This holding is profoundly out of touch and demonstrates a wholesale abandonment of the rule of reason contemplated when the constructs of search and seizure were originally articulated in our Constitutions.
Under the strained logic of this opinion, the subsequent testing of lawfully seized drugs will now require a warrant; the subsequent analysis of one’s lawfully seized blood or urine for evidence of impairment will require a warrant; DNA testing of lawfully seized crime scene trace evidence will now require a warrant. Heck, what if this was a photo album (rather than a videotape)—by the court’s logic, the officer would need a warrant just to open the book to look at the pictures. Moreover, one simply cannot reconcile the many other cases in Oregon that have yielded a practical result directly opposite to that rendered by the Luman court. See, State v. Langevin, 84 Or App 376, (1987), aff’d 304 Or 674 (1988); State v. Owens, 302 Or 196 (1986); State v. Westlund, 302 Or 225 (1986); State v. Herbert, 302 Or 237 (1986); State v. Plummer, 134 Or App 438 (1995).3
There can be no doubt that Luman will meet the same fate as did State v. Lowry, 295 Or 337 (1983), which was rejected in State v. Owens, 302 Or 196 (1986) three years later. However, until that happens, the defense will have a heyday exploiting this wrongly decided, poorly reasoned and profoundly out-of-touch opinion to its fullest, yielding plenty of unreasonable results.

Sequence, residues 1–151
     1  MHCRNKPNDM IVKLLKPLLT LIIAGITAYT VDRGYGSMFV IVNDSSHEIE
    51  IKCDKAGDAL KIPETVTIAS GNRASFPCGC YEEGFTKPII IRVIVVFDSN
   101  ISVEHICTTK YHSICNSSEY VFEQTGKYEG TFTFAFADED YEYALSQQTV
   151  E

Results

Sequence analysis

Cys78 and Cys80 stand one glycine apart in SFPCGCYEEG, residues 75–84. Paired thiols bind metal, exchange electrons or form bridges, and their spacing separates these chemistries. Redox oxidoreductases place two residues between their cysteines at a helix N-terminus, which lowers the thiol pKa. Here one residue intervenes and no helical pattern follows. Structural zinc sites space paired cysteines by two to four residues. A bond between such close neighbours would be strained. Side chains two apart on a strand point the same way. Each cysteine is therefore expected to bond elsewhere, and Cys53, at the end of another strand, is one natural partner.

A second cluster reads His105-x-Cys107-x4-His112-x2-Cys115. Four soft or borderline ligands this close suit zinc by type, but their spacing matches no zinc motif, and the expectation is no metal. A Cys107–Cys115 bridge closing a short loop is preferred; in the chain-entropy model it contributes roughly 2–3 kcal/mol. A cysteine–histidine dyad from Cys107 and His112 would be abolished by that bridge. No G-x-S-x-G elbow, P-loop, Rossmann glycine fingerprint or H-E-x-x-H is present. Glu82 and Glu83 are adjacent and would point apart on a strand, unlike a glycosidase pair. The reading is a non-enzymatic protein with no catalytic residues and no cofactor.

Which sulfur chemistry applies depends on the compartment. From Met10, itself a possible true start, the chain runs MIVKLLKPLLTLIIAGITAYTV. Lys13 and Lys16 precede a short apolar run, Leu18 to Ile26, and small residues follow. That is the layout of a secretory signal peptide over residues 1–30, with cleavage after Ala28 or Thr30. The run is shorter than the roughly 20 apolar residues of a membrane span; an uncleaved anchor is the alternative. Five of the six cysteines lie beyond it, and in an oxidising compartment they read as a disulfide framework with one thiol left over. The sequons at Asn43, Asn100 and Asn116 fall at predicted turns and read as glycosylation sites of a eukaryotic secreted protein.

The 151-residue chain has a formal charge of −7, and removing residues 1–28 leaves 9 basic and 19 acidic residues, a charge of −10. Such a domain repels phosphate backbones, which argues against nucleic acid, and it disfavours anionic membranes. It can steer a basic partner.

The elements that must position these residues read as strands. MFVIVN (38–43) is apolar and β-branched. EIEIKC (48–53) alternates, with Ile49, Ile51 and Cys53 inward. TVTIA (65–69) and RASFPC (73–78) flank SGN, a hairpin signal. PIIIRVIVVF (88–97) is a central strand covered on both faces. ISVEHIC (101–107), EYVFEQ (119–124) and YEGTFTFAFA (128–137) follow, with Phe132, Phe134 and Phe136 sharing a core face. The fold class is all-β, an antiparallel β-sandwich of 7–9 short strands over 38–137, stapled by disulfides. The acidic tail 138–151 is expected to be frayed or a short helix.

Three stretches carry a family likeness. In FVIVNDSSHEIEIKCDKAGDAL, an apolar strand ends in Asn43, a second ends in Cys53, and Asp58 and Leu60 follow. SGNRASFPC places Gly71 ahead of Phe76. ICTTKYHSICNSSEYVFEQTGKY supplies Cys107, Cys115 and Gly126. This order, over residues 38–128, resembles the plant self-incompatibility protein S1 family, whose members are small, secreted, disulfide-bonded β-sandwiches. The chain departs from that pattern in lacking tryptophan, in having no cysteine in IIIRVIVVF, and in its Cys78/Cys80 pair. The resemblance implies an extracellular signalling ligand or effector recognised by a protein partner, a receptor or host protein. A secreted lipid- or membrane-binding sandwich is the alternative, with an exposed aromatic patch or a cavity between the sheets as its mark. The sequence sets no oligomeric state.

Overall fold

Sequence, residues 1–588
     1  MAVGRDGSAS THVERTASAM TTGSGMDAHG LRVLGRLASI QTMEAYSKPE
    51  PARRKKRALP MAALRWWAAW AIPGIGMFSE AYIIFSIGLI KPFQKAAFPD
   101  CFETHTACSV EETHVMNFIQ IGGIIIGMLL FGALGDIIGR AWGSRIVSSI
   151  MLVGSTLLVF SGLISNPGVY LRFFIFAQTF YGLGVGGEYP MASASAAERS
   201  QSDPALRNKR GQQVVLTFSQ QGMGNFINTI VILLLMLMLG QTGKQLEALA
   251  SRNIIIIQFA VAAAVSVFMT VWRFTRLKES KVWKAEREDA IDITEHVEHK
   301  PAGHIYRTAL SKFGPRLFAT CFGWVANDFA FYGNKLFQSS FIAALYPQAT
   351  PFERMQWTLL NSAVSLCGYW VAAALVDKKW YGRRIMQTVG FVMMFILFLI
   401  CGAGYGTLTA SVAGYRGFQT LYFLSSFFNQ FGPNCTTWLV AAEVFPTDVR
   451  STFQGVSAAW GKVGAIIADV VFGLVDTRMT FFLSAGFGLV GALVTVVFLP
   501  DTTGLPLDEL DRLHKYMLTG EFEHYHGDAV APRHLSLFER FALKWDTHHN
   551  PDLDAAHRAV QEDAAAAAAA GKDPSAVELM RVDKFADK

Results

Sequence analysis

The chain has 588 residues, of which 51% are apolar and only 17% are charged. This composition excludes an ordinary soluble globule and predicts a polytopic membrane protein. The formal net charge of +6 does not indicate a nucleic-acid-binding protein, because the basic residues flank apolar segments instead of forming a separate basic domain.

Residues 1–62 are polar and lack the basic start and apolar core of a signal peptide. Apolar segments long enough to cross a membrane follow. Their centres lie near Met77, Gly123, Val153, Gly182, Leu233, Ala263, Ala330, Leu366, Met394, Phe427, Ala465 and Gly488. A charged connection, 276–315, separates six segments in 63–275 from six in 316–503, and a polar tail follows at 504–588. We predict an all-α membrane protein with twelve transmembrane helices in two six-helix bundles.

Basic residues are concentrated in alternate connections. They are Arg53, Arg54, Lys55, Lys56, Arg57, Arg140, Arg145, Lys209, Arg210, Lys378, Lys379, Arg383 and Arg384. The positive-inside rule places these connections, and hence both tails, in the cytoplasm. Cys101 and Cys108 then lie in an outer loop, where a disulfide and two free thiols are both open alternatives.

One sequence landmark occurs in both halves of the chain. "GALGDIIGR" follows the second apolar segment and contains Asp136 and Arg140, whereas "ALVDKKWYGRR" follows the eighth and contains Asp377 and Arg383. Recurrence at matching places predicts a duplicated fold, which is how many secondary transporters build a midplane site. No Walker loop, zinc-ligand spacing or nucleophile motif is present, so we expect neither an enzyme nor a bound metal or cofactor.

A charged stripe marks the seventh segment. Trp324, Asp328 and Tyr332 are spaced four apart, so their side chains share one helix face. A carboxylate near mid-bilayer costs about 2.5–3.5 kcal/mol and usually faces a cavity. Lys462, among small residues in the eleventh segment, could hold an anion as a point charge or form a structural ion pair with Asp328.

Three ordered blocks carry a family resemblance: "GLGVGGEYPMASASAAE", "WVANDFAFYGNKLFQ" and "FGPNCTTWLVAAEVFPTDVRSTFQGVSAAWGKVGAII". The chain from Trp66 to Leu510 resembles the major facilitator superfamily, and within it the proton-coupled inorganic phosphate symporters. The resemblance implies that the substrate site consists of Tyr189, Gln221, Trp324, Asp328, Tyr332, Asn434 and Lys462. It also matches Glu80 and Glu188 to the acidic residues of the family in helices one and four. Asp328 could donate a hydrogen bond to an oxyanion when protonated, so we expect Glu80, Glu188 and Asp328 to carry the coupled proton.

1 Holding that, despite more than 125 years of Oregon jurisprudence, state offenders will forevermore enjoy even more new and exciting opportunities to escape accountability for their conduct by the court’s sua sponte alteration of the application of the state exclusionary rule, to the profound benefit of Oregon’s criminals.
2The crime at issue here is call "Invasion of Personal Privacy," ORS 163.700, and the substantive offense has nothing to do with animal law, but the implications of this case’s holding most certainly do.
3 Admittedly, the reasoning of many of these opinions is unduly strained and the holdings appear to be, at least in part, driven by the severity of the underlying conduct. Nevertheless, the court in these cited opinions reached the correct result, albeit oftentimes for the wrong reason in most cases. Justice Rossman once wisely noted that, "[W]henever the police lawfully seize and have in their possession a container that they have probable cause to believe contains evidence of a crime, they have a right to open it, examine the contents and to subject the contents to confirmatory testing without a warrant." State v. Langevin, 84 Or App at 384. Sadly, the Court of Appeals is not yet ready to apply this sage bit of wisdom.